Ten years on some of these riders are still active. Key amongst this list are the likes of Richie Porte (fifth and fourth in the TT and road races of 2008) and Adam Hansen (gold and silver in 2008). These two riders have established themselves as leaders in this current generation of cyclists. But there are plenty of others in the top section of the nationals results from 10 years ago who remain active in cycling (or other sports) in 2018.

Bridie O’Donnell has been an hour record holder and is now a regular commentator for cycling (and other health matters).

Rory Sutherland has switched teams for the season and is now riding in the service of Irish GC hopeful Dan Martin at UAE Team Emirates.

Adam Hansen continues to tick off his seemingly perpetual record cycle of Grand Tour participations…

Cameron Wurf is committed to Ironman triathlon and, in 2017, set the new benchmark for the TT on Kona: 180km in 4:12:54!


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Scott Davis leads Adam Hansen and Rory Sutherland in pursuit of Matt Lloyd in the men’s road race (above).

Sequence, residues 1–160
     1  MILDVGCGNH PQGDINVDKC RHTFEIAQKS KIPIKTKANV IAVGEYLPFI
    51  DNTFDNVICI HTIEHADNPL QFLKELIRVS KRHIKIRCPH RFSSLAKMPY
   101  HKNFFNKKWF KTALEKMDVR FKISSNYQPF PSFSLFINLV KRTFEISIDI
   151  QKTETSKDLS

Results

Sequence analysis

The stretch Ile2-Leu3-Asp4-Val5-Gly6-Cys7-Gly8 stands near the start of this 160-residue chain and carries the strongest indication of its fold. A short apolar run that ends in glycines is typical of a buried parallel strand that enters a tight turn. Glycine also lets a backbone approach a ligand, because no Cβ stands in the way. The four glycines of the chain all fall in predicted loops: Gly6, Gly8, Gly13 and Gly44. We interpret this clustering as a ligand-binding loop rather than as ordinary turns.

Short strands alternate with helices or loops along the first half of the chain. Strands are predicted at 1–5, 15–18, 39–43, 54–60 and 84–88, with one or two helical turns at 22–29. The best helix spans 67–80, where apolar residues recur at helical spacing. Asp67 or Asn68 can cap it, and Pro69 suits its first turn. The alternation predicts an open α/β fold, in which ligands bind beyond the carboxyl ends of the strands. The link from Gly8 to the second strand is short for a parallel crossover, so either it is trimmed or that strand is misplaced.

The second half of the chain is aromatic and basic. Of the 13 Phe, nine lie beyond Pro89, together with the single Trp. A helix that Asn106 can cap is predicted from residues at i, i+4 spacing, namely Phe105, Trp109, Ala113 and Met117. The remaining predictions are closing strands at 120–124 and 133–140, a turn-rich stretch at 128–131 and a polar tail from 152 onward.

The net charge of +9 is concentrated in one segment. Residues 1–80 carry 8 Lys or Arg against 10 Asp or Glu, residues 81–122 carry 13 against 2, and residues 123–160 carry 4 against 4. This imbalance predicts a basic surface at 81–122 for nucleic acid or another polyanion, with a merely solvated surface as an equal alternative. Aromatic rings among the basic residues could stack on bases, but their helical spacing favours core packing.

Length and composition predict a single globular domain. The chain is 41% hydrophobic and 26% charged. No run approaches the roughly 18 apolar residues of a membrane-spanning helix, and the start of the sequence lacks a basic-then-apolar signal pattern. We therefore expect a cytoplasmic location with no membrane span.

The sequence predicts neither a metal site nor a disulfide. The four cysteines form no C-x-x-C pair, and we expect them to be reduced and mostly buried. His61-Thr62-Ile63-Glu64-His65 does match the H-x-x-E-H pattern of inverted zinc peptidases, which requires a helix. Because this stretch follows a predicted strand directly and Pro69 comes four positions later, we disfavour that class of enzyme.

Photo: John Veage

On ‘Super Sunday’ of the 2008 nationals, there was just one event: the elite men’s road race. It would be when Hansen was well supported by Highroad team-mates, good friends Michael Rogers and Scott Davis. Their black jersey with the title of the team’s holding company made its debut after the demise of the team that had been known as T-Mobile. By the middle of the year, Highroad would become Colombia-Highroad and it marked a brief but impressive era of successful campaigns around the world for the squad managed by Bob Stapleton.

On a Giant bike that looks almost primitive compared to the current offerings (see below), Hansen put almost a minute into the next best rider in the mid-week TT (while wearing a blue jersey as the Highroad kit by MOA had not yet been delivered).